Research on Open Educational Resources for Development (ROER4D)

“The Research on Open Educational Resources for Development (ROER4D) project aims to provide evidence-based research from a number of countries in South America, Sub-Saharan Africa and Southeast Asia. The primary objective of the programme is to improve educational policy, practice, and research in developing countries by better understanding the use and impact of OER….”

Public access to historical records now more accessible -as National Archives continues digitisation process

“Historical records are being made more accessible to students and members of the public as the process of digitisation of valuable primary source documents continues. Archivist at the National Archives of Guyana, Department of Culture, Ministry of Social Cohesion, Ms. Nadia Gamel-Carter, today, provided this update at the opening of the Archives Week Exhibition. The week-long exhibition dedicated to the commemoration of the Centenary Anniversary for the Abolition of Indentureship targets secondary and tertiary students and aims to raise awareness about the genealogical research and other services that the agency provides.”

Open access research | Revista Pesquisa Fapesp

“Brazil stands out on the international landscape when it comes to open access, a movement launched in the early 2000s with the aim of making scientific output freely available online. According to data compiled by Spanish research group Scimago, 33.5% of the Brazilian articles indexed in the Scopus database in 2016 were published in journals whose content is free to read online as soon as it is published, under a model known as the “golden road.” This is the largest proportion among the 15 nations with the highest volume of scientific output recorded on Scopus. Brazil is also top of the list of nations with the highest number of open access scientific journals (see charts).”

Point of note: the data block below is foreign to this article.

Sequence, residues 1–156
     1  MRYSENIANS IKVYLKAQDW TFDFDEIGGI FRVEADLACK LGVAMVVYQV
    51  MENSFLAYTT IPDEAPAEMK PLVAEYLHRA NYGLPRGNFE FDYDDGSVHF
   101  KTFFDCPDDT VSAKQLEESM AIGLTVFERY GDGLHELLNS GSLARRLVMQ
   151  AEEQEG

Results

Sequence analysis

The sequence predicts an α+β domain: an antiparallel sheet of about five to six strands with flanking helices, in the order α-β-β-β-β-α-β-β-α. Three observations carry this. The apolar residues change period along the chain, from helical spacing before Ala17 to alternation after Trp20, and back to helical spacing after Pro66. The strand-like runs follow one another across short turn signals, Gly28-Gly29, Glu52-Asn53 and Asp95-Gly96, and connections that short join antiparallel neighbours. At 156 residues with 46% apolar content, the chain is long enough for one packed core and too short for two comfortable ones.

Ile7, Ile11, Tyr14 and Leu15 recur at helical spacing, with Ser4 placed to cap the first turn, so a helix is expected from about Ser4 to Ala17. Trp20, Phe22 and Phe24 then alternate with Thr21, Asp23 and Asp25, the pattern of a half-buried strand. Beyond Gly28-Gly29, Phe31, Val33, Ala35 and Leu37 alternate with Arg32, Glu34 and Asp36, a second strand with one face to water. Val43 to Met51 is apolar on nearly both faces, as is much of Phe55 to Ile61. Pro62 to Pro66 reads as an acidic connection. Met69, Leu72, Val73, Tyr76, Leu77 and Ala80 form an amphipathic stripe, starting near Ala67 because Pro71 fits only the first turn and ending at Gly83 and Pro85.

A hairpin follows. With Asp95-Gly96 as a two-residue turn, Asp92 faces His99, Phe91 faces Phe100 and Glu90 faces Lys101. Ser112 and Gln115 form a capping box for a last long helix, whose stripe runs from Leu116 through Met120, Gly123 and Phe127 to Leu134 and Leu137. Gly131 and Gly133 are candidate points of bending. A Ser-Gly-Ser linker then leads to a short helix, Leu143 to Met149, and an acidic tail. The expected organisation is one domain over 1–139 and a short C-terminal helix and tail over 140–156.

Open Access in Latin America: A paragon for the rest of the world – SPARC

“Latin America is one of the world’s most progressive regions in terms of open access and adoption of sustainable, cooperative models for disseminating research; models that ensure that researchers and citizens have access to the results of research conducted in their region.

SciELO is a remarkable decentralized publishing platform harboring over 1,200 peer-reviewed journals from fifteen countries located in four continents – South America. Central-North America, Europe and Africa. Redalyc, based in Mexico, is another extraordinary system hosting almost 1,000 journals from fourteen Latin American countries plus Spain and Portugal. Governments around the world spend billions of dollars on infrastructure to support research excellence; platforms such as SciELO and Redalyc are extensions of this much larger investments in research. They reflect an enlightened understanding in Latin America that the wide dissemination of and access to research results is as important as the research itself. The rest of the world would do well to take note.

In a recent blog post, these two initiatives were discredited by Jeffrey Beall. In the post, Beall compared the two publishing platforms to favelas, resulting in a mean-spirited insult to both favela dwellers on the one hand, and SciELO and Redalyc on the other. Rather than maligning these initiatives, they should be held up as examples of best practice for the rest of the world.

Furthermore, just because some in North America do not know about SciELO and Redalyc does not render them irrelevant. This is an extremely elitist and narrow view of the world. …”